6 Principles of Floral Design

Kristen Bradley "The Chic Maven"

March 14, 2023


Whether you’re a professional florist or just beginning to design, the 6 principles of floral design are an important part of creating stunning arrangements.

These are the basic standards used to organize the elements of line, form, space, texture, pattern, fragrance and size. By understanding and applying these principles, you can create stunning arrangements that capture the attention of your audience.


Balance is the ability to arrange an arrangement so that it appears stable and solid without appearing top-heavy or lopsided. There’s a practical aspect to balance, of course (few arrangements will fall over), but there’s also an aesthetic aspect, called visual balance.

This is achieved through the use of colors, textures, and form to create a pleasing design. Look for colors that complement one another, such as soft pastels and deep jewel tones, or muddy hues that work with greenery.


Proportion refers to the relationship of parts of an arrangement to one another. This includes container size, flowers, and foliages.

Scale is a related concept. The overall design size needs to be in scale with the setting and the area it is positioned in.

A flower, foliage or container that is too large compared to its surroundings is out of proportion. This is especially true with taller blooms that might look top-heavy in a smaller vase.


Rhythm, in its most general sense, is the regular pattern of something in time (the beat or meter of a song, for example). It’s also an ordered alternation of contrasting elements.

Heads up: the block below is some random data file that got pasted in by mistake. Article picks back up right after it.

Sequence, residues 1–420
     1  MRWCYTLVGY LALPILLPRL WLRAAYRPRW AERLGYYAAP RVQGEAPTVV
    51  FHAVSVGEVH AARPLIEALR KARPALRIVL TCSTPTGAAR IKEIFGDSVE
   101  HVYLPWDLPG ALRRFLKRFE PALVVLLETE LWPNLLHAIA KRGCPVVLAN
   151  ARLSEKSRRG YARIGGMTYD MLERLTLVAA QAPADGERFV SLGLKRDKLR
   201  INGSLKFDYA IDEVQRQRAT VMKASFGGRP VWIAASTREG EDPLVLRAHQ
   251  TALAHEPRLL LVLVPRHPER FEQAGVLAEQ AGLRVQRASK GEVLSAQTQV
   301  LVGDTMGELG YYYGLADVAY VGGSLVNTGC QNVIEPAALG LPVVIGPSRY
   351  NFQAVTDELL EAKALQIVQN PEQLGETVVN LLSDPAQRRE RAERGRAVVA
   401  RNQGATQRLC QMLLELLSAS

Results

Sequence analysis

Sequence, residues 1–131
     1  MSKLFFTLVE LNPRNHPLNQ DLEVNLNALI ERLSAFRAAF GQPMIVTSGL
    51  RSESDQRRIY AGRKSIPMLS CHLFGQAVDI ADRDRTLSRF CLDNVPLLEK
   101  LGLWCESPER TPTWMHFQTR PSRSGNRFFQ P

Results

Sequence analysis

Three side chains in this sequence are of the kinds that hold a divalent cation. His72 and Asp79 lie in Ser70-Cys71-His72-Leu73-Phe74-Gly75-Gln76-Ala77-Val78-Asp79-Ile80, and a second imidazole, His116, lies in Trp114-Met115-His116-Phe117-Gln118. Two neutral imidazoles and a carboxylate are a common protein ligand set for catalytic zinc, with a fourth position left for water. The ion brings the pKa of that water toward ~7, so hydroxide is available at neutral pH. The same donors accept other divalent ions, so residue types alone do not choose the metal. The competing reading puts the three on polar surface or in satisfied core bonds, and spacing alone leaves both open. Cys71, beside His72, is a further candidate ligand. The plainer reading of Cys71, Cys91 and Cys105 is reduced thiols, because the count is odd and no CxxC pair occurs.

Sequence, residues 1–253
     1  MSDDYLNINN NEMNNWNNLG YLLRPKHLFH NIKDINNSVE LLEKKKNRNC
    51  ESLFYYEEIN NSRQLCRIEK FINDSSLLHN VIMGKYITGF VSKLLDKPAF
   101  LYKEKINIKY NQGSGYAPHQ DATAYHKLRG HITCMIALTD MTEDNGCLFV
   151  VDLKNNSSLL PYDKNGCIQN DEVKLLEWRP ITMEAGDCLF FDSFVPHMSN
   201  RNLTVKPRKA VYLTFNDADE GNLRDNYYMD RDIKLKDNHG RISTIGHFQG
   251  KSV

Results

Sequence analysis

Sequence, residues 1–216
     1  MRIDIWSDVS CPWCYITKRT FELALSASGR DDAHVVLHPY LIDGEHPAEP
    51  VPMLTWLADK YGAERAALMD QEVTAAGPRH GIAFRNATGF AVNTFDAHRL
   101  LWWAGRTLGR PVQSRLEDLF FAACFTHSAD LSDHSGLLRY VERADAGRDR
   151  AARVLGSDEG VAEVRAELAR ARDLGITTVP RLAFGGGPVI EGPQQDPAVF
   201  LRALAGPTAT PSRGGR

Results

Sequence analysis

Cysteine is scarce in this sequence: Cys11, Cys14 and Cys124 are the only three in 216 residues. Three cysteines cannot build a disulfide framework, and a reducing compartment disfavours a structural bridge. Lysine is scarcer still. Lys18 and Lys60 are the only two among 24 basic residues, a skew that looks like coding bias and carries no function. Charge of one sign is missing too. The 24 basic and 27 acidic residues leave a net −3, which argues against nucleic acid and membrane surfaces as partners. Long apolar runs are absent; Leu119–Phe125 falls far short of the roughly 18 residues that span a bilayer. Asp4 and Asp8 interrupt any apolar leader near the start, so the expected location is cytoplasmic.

When designing floral arrangements, use a combination of colors and textures that create visual rhythm. This helps move an observer’s eye through the design, keeping them engaged and excited.

Balance is another important principle in floral design, a feeling of three-dimensional stability that can be achieved through symmetry or asymmetry. Florists call this physical balance, but it can also be an aesthetic one: a balanced arrangement looks substantial without looking top-heavy or lopsided.


Dominance is the prevalence or noticeability of one design element more than others. This can be achieved using dominant plant material, emphasized design, theme or focal point.

Rhythm regulates the flow and movement of your floral arrangement through repeated patterns like the beat of your favourite tune. The goal is to make a pathway for the viewer’s eye to follow throughout your design, sustaining interest and creating a sense of beauty.

Balance refers to the arrangement’s sense of equilibrium and repose, a feeling of three-dimensional stability. There are two types of balance when working on floral design, physical and visual balance.


Contrast is the ability to draw the eye to elements in your floral design that are different from each other. It can be as simple as two colors, or a variety of shapes and sizes.

The goal is to create an emphasis on one or more elements in your arrangement, without distracting the viewer’s attention from the rest of the design. The dominant element can be a color, shape or texture, or it could be a grouping of flowers.


Harmony is the harmonious relationship between all of the parts and elements of a floral design. This includes the flowers, foliage and container.

In a design, harmony can be achieved by using similar colors or shapes throughout the arrangement. It can also be achieved by using repetition and rhythm.

Proportion and scale are closely related to harmony as they focus on ensuring that the size of the flower, foliage and container is proportional with the setting.

The size and placement of each of the flowers and foliage must harmonize with the other parts of the floral design and its expected theme or style. Mechanics of arrangement should not distract from this harmony.